Skip to main content

27-03-2013 | Neurology | Article

Sleep quality predicts preclinical Alzheimer’s disease


Free full text

medwireNews: Poor sleep quality is associated with the early signs of amyloid deposition and may therefore predict preclinical Alzheimer's disease (AD), researchers report.

They found that cognitively normal individuals with cerebrospinal fluid (CSF) β-amyloid (Aβ)42 levels of 500 pg/mL or less, indicating a high likelihood for amyloid deposition, had significantly worse sleep quality, as measured by sleep efficiency, than those without amyloid deposition.

"If sleep disruption increases risk of future AD, then this provides an even stronger motivation to identify and treat individuals with sleep disorders, such as obstructive sleep apnea," say David Holtzman (Washington University School of Medicine, St Louis, Missouri, USA) and colleagues.

They believe that amyloid accumulation negatively affects sleep-wake behaviors, and conversely, poor sleep may increase risk for amyloid aggregation.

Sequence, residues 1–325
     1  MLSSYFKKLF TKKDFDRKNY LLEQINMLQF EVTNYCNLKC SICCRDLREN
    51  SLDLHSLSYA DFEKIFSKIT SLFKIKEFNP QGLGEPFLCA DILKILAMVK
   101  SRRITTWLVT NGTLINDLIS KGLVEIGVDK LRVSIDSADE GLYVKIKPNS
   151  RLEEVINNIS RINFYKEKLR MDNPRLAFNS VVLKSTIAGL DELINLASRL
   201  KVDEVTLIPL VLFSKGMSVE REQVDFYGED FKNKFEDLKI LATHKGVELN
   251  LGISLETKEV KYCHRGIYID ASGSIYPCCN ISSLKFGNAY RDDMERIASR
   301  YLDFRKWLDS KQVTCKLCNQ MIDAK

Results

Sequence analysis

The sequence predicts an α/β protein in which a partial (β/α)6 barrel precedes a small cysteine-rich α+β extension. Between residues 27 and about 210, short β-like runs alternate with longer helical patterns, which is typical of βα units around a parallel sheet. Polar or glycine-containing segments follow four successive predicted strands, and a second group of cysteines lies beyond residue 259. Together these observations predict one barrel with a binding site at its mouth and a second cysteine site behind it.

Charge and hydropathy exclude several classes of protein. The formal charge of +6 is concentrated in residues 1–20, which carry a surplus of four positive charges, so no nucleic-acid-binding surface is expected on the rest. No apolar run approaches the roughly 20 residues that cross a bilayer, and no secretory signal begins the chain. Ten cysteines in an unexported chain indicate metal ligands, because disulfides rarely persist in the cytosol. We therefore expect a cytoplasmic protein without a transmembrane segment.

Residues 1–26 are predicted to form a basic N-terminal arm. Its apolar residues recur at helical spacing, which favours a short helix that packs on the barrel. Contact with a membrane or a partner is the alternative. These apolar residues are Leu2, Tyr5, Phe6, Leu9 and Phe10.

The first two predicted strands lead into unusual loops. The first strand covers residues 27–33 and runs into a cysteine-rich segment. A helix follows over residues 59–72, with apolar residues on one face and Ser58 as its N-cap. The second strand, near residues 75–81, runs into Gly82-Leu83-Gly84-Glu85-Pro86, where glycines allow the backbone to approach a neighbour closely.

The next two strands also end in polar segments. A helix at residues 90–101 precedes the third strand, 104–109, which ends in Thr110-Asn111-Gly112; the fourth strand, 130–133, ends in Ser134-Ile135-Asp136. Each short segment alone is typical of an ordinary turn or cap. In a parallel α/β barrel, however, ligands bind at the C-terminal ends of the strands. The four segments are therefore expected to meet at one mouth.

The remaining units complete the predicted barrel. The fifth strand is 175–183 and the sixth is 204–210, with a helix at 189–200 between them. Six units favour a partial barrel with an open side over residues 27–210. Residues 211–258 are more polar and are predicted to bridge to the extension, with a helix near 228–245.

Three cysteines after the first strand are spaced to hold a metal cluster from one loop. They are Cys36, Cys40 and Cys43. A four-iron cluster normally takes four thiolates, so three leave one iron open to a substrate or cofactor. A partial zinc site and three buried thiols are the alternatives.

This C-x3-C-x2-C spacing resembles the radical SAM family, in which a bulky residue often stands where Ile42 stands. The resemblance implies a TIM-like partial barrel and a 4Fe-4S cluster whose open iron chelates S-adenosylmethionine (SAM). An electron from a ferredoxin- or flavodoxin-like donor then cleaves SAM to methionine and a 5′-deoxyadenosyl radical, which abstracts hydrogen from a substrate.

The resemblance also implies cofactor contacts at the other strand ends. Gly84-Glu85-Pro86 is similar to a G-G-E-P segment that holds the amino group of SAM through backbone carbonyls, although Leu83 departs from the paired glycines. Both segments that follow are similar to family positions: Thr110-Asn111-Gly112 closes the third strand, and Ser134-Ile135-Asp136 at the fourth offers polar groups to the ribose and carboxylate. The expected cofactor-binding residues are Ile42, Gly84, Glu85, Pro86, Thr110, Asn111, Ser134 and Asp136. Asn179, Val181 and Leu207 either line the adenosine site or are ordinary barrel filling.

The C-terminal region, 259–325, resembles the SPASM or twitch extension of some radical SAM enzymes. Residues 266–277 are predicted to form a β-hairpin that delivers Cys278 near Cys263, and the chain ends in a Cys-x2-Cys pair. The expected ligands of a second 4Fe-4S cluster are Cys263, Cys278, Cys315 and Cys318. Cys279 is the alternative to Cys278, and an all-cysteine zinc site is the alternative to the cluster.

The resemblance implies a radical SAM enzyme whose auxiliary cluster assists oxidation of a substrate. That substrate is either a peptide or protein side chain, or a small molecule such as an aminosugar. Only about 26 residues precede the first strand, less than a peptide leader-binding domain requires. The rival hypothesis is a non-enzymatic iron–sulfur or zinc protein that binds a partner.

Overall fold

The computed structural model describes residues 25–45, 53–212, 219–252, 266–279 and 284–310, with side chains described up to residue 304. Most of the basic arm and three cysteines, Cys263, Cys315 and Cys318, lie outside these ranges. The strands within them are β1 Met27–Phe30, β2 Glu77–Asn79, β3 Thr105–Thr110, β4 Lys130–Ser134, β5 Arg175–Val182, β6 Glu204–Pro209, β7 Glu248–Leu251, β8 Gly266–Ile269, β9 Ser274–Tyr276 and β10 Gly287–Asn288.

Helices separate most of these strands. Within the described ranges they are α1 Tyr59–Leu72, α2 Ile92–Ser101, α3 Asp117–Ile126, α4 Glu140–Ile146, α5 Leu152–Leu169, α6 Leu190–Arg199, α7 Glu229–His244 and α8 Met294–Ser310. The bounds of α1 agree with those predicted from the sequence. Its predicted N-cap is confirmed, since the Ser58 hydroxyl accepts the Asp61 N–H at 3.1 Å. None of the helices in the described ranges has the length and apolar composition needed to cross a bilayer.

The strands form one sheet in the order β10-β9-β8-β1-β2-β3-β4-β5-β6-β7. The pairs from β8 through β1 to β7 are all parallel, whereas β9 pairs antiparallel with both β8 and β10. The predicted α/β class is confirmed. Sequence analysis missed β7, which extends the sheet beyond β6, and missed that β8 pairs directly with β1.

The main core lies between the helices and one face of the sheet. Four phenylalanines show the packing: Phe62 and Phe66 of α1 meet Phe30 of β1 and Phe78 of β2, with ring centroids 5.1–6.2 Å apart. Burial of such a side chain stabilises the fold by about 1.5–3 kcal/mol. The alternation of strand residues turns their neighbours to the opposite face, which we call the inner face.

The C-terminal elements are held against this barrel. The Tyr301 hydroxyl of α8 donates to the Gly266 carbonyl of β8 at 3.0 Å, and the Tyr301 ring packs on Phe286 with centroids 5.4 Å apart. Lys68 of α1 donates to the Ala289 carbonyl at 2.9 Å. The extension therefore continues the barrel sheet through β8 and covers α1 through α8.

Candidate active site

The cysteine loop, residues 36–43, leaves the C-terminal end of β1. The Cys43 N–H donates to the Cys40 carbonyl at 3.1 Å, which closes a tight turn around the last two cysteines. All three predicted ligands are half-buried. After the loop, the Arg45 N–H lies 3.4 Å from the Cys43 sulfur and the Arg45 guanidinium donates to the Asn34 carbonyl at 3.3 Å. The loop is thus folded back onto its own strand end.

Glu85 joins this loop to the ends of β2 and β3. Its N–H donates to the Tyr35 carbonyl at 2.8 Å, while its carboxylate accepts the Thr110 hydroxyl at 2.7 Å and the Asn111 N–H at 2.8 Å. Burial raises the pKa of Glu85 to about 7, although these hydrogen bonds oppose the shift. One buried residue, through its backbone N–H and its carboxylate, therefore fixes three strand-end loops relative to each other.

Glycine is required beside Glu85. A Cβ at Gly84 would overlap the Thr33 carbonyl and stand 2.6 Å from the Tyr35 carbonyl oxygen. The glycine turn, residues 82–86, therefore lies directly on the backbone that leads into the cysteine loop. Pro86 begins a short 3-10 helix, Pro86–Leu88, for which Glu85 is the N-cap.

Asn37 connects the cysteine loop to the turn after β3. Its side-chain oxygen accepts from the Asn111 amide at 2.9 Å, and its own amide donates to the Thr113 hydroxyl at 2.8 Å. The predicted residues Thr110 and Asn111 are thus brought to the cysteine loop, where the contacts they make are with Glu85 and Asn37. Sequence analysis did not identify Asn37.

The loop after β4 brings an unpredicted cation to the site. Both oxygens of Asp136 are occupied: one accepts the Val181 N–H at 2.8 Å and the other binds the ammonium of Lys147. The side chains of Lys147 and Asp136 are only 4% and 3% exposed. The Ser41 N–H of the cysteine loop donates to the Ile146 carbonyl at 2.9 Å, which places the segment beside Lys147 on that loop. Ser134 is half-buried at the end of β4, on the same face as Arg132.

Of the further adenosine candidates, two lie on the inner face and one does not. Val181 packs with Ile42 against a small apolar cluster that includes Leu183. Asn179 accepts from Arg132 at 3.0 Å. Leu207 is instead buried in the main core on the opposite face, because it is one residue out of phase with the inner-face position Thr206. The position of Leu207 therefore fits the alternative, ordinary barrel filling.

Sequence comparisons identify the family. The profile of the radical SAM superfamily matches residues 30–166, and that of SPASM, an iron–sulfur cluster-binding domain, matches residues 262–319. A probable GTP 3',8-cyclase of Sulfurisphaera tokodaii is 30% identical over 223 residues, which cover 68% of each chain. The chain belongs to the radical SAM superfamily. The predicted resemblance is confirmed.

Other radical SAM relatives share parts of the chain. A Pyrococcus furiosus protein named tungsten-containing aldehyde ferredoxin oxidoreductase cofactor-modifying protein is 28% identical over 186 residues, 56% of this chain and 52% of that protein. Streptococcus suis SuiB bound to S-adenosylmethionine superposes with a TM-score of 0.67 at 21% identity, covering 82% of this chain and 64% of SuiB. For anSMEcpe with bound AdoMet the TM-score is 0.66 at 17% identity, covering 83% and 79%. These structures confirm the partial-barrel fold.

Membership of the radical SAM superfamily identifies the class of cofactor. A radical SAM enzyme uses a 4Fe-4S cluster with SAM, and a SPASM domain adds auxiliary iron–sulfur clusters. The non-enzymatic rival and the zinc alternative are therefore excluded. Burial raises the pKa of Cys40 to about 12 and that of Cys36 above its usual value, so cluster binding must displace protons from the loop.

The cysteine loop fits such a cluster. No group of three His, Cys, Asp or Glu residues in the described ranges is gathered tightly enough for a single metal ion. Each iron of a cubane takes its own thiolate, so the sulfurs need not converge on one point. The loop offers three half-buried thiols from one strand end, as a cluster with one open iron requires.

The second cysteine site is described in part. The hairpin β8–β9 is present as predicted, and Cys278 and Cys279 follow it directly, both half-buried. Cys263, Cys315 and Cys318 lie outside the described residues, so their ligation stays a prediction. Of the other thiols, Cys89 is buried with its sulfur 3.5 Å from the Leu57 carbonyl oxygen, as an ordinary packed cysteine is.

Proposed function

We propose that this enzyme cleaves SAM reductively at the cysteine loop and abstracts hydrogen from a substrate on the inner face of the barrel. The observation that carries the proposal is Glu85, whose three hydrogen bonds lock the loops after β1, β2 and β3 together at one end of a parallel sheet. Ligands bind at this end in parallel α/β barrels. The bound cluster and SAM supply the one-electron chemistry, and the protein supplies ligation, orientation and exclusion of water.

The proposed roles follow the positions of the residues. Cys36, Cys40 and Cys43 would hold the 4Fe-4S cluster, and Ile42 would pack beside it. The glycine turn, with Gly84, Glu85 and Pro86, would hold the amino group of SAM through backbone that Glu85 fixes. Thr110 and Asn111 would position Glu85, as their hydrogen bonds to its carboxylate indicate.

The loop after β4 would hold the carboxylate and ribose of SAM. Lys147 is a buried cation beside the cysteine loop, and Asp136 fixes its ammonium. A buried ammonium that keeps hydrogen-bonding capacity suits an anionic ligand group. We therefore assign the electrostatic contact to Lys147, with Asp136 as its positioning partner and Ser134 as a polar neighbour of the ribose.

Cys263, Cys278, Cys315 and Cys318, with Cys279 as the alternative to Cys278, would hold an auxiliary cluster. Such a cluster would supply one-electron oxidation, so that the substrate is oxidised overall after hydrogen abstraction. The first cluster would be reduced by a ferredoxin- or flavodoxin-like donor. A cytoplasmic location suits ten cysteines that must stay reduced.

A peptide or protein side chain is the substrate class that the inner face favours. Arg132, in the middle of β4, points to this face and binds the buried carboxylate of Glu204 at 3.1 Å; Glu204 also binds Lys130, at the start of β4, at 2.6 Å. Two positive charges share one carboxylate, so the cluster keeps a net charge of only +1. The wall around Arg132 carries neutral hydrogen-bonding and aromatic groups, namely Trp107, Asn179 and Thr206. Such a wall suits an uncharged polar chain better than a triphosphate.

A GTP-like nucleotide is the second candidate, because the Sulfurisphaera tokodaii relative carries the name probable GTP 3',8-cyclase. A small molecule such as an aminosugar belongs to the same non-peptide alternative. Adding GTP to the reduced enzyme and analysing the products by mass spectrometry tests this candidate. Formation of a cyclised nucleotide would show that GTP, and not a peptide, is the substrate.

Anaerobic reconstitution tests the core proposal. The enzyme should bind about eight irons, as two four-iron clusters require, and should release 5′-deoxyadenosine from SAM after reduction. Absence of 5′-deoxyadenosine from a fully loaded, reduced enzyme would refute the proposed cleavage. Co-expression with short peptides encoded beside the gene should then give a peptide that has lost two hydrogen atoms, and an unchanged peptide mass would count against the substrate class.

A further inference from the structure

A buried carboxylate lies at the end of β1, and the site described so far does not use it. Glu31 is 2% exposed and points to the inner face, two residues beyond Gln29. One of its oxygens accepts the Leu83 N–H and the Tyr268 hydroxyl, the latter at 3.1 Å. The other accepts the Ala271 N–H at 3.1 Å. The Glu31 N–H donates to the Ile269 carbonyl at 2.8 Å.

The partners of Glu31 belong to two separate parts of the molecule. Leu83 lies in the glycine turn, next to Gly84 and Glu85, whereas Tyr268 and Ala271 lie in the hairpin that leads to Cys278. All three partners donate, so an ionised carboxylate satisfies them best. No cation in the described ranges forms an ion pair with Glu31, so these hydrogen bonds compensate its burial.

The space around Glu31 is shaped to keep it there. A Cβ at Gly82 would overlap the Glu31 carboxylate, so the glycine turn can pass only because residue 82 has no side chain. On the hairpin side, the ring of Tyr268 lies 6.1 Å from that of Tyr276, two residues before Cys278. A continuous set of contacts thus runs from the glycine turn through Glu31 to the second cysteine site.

For the study, published in JAMA Neurology, a total of 142 individuals aged 45 years and older provided valid actigraphy data. Of these, 32 (22.5%) had a CSF Aβ42 levels of 500 pg/mL or less.

Patients with amyloid deposition had significantly worse sleep efficiency than those without amyloid deposition, at 80.4% versus 83.7%. After taking into account age, gender, and apolipoprotein Eε4 allele carrier status, the difference between the two groups was significant.

By contrast, the two groups did not differ with regard to sleep quantity, although there was a trend for patients with amyloid deposition to spend an increased time in bed, which the researchers suggest may be to compensate for poorer sleep efficiency and thereby leading them to obtain the same overall total sleep time as those without amyloid deposition.

The participants with amyloid deposition were also more likely to nap during the daytime than their peers without amyloid deposition, with 31.2% versus 14.7% taking naps on 3 or more days per week.

When Holtzman and team looked specifically at the worst sleepers, with a sleep efficiency below 75%, they found them to be more than five times more likely to have amyloid deposition than the best sleepers with a sleep efficiency above 89%.

The findings suggest that "sleep measures… could be used as markers of brain function, thereby facilitating faster and easier clinical trials of promising treatments in the preclinical and early clinical stages of AD," the researchers conclude.

By Lucy Piper, Senior medwireNews Reporter

Related topics